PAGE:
When Pope Francis assumed the papacy almost two years ago he greeted the thronging crowd in xt” The he bowed his head and beseeched those in attendance (and around the world) to bless him. Do leaders need our blessing?
In Hebrew, the word for blessing is Baruch (Beit-Reish-Kaf) and as pointed out in an early Kabbalah text (Sefer Bahir—The Book of Illumination) this Hebrew word not only means blessing, it has two other meanings: the knees (Berech) and a gathering or pool of water (Braycha).
What is the connecting concept of these three meanings?
A literal explanation of these words is suggested by the idea that people and camels bend their knees to receive (drink) water. Rabbi Marcia Prager offers a beautiful connection between the idea of blessing and knees bent in gratitude and the flow of water: “When we offer blessing we offer our gratitude not only for a particular gift but for the opportunity to experience our connection with the whole of life. Our blessing opens us to the flow of divine goodness moving through us, filling us and flowing back to God.”
Pope Francis has emerged as a change agent with his willingness to call into question Church doctrine. I reserve each Thursday morning to pray for the Pope. It was on Holy Thursday (that the Pope, as is customary before Easter, washed the feet of others. Instead of washing the feet of priests though, Pope Francis went to a jail in Rome, a youth detention center, and washed the feet of 12 of the inmates (including two young women).
I am often awake at 3:30 in the morning, the time when the Dalai Lama starts his daily morning prostrations and meditations to reflect on emptiness. Whether in Dharmsala or in Denver it is a quiet time to reflect on the self. The Dalai Lama spends another 5 hours (after breakfast) in meditation—this is his morning routine. I reserve early mornings for Yoga practice and blessing the Dalai Lama.
It was October 9th (2012), a Tuesday, when terrorists boarded her school bus and demanded to know, “Who is Malala?” That day fell on Simchat Torah—a day of joyous celebration on the Jewish calendar. It is also a day of celebration and blessing for our world that Malala did not die from the bullets that entered her skull. Tuesday’s blessing is reserved for Malala.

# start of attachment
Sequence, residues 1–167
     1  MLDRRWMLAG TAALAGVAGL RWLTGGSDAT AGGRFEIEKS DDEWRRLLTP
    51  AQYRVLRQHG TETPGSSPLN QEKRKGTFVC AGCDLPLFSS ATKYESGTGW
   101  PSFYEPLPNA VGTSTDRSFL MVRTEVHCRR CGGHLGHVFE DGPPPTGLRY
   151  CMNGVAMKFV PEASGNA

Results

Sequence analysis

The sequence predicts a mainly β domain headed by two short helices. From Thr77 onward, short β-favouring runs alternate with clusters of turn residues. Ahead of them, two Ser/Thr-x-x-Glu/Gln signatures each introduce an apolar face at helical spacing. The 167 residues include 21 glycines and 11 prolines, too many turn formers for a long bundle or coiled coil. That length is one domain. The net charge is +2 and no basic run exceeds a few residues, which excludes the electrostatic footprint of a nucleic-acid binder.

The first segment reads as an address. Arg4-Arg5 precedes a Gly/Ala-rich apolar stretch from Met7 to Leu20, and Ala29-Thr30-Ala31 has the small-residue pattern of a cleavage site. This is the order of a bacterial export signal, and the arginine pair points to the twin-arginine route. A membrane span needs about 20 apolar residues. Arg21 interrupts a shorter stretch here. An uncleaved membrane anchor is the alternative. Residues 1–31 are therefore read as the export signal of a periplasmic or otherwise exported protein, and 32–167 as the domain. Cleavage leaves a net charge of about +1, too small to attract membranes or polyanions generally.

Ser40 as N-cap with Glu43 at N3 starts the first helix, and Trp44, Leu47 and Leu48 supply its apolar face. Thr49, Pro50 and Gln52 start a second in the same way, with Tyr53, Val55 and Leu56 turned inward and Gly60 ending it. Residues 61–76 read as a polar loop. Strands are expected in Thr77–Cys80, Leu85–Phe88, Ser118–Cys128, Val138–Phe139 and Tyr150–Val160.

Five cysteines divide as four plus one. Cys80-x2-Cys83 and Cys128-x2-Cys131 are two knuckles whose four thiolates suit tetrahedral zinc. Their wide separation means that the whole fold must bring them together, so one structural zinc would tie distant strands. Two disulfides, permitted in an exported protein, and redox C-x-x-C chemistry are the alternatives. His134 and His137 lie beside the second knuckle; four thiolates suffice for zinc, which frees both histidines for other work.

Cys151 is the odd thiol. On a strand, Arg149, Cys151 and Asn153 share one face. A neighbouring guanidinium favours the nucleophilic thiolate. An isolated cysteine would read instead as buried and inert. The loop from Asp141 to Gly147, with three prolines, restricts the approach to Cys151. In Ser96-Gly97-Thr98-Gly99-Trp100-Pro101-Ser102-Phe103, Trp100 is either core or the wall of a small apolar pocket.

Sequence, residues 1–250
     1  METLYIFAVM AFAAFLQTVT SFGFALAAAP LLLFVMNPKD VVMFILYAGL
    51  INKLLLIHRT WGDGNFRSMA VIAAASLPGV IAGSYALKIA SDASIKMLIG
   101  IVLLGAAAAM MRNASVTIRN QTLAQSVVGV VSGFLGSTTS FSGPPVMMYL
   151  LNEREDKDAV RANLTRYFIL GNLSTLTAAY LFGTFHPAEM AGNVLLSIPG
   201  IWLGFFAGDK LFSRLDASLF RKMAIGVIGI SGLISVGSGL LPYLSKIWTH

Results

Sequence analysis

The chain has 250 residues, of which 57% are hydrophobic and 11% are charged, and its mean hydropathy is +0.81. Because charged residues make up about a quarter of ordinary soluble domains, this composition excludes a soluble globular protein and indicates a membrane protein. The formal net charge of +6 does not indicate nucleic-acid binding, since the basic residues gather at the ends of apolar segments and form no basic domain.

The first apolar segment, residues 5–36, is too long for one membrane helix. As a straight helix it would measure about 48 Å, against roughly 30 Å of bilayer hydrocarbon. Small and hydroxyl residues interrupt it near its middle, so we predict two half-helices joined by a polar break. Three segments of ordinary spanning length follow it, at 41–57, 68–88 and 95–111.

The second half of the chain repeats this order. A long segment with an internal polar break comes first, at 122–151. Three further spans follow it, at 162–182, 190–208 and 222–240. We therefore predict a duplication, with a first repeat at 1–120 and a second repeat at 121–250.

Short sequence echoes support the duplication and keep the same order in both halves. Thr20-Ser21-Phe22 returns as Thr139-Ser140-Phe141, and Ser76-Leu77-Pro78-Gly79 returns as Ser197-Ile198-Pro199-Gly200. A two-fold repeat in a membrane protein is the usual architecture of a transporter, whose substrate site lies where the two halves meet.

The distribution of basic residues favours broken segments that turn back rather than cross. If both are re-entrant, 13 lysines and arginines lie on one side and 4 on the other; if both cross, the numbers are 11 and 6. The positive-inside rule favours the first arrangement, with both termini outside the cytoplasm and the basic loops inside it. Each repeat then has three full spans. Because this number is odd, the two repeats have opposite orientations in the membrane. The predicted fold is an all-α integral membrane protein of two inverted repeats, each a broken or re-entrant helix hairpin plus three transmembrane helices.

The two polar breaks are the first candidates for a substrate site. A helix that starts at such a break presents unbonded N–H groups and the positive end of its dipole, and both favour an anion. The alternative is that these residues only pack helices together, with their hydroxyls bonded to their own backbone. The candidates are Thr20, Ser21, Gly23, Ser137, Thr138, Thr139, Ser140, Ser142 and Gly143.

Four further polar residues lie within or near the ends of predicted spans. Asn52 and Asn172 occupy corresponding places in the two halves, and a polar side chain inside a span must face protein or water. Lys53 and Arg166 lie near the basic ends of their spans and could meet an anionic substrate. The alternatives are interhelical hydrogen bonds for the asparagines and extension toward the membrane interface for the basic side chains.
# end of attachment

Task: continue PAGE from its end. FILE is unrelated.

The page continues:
Wednesday is print day for Charlie Hebdo. The editors and cartoonists were busy at work before taking lunch when gunman burst in screaming, “Where is Char?” Shouting praise for Allah they murdered 12. Wednesday lunchtime prayer is now reserved in prayer for what Char and the others at Charlie were willing to risk their lives for: free expression. Wednesday lunch blessing is for those who continue the publication of Charlie (though I am agreement with Pope Francis that decorum and sensitivity is appropriate when addressing other people’s beliefs).
Friday is a day for preparation for Shabbat (the Sabbath) and so there were as expected customers at the Hyper Cacher (Kosher) market in Paris (last week), a market frequented by Jews and Moslems. A gunman entered the store and murdered 4, may their memories be a blessing. Friday afternoon is now reserved for blessing another leader: Lassana Bathily, a Muslim employee at Hyper Cacher who saved six customers, including an infant, by hiding them in a walk-in freezer when the gunman laid siege to the store.
Leaders need our prayers of blessing. They take risks that others are not ready to take. Create your own calendar of blessings for those leaders who you wish to support and bless with the divine flow of goodness, courage and strength.